One Offer of Salvation

This principle is definitely laid down in the Scriptures. There are no exceptions. "Whosoever shall call on the name of the Lord shall be saved" said Peter to the men of Jerusalem, "...neither is there salvation in any other; for there is none other name given among men, whereby we must be saved" (Acts 2:21; 4:12). The Bible gives no grounds to conclude that a failure to recognize Jesus Christ (for whatever reason) will be accepted as an excuse. The Bible's uncompromising declaration is that salvation and everlasting life is dependent upon this inflexible condition.

Fortunately, we are not left without explanations as to why this is so. God is not "arbitrary" in his arrangements for man. God is the source of all life. Hence, everlasting life can be the possession of man only when that life comes from God.

We do not understand the mystery of life, what it is, how it activates our minds and our bodies. We only know that as earthly beings we are conscious of our environment and can exercise our faculties of reflection, of remembrance and of anticipation because we are alive. The Scriptures make it plain that the life we now have is defective because of sin; it is not everlasting, and of itself must expire in death. We are also told that there is a way to restore the communion with God that was broken by sin, a way that will allow his life to flow uninterruptedly into us. That, says the Divine Word, is "everlasting life".

Because life originates in God, men can receive it only through Christ. "In him was life; and the life was the light of men" (John 1:4). "God hath given to us eternal life, and this life is in his Son. He that hath the Son hath life: and he that hath not the Son hath not life" (I John 5:12). "I am the living bread which came down from heaven; if any man eat of this bread he shall live for ever" (John 6:51).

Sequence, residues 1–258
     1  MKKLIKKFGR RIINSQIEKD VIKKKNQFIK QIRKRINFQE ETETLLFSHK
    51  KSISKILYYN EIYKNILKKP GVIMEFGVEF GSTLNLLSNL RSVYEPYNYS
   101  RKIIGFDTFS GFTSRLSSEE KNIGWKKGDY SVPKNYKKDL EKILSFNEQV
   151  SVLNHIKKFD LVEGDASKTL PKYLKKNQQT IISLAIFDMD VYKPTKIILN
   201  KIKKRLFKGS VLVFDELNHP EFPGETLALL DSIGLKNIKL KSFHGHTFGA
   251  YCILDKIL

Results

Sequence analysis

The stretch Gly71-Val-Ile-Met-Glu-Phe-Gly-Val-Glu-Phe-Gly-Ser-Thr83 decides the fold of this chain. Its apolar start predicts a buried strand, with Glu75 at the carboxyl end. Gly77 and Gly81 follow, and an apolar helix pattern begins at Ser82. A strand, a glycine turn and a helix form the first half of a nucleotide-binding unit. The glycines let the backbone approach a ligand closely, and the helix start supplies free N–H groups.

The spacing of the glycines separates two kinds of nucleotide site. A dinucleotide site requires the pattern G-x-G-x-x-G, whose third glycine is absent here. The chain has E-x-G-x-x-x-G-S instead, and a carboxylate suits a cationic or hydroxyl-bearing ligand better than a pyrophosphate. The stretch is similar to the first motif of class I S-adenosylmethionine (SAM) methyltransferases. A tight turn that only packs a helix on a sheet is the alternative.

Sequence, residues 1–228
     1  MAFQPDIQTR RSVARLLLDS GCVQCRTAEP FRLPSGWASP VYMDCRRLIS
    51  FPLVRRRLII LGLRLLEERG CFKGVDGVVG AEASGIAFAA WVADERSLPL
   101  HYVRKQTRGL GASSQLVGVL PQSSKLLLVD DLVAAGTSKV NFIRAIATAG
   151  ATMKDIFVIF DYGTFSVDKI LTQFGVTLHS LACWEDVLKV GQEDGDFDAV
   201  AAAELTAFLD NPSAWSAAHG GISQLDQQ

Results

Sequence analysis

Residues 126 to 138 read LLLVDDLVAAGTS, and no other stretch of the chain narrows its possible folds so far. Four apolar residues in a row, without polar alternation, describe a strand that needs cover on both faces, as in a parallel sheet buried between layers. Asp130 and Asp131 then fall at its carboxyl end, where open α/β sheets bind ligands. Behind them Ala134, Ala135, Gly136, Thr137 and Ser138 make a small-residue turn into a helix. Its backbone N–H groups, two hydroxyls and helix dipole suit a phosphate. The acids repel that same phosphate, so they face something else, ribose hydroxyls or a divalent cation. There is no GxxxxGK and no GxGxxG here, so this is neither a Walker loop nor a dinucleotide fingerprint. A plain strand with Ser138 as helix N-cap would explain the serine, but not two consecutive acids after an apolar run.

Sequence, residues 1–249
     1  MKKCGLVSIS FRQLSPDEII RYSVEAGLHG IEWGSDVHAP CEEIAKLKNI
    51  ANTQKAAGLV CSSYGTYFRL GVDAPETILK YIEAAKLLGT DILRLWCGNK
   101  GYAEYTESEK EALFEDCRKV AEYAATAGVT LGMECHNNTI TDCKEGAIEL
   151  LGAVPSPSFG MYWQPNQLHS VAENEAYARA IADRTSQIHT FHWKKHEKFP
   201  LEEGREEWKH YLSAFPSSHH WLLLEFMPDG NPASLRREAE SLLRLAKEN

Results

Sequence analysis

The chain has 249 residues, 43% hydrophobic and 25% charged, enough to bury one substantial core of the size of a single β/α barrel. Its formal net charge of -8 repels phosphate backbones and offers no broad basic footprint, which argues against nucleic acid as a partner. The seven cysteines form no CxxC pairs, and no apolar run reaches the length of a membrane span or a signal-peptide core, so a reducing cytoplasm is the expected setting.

It is important that this be understood. Our Lord Jesus Christ is God's way of manifesting himself to men. "The Word was made flesh and we beheld his glory, as of an only begotten of the Father" (John 1:14). "He is the brightness of his glory and the express image of his person" (Heb. 1:3). All that comes to man from the Father comes only through the Son; the Son is the vehicle of life to man on earth. Life can only come to us whether spiritually (being "born again", John 3) or physically ("in him we live and move and have our being" Acts 17:28) through Christ. Thus, this everlasting life which comes to us because of our belief in Christ is not the result of mere intellectual assent to the fact of his reality or acceptance of his claim to lordship.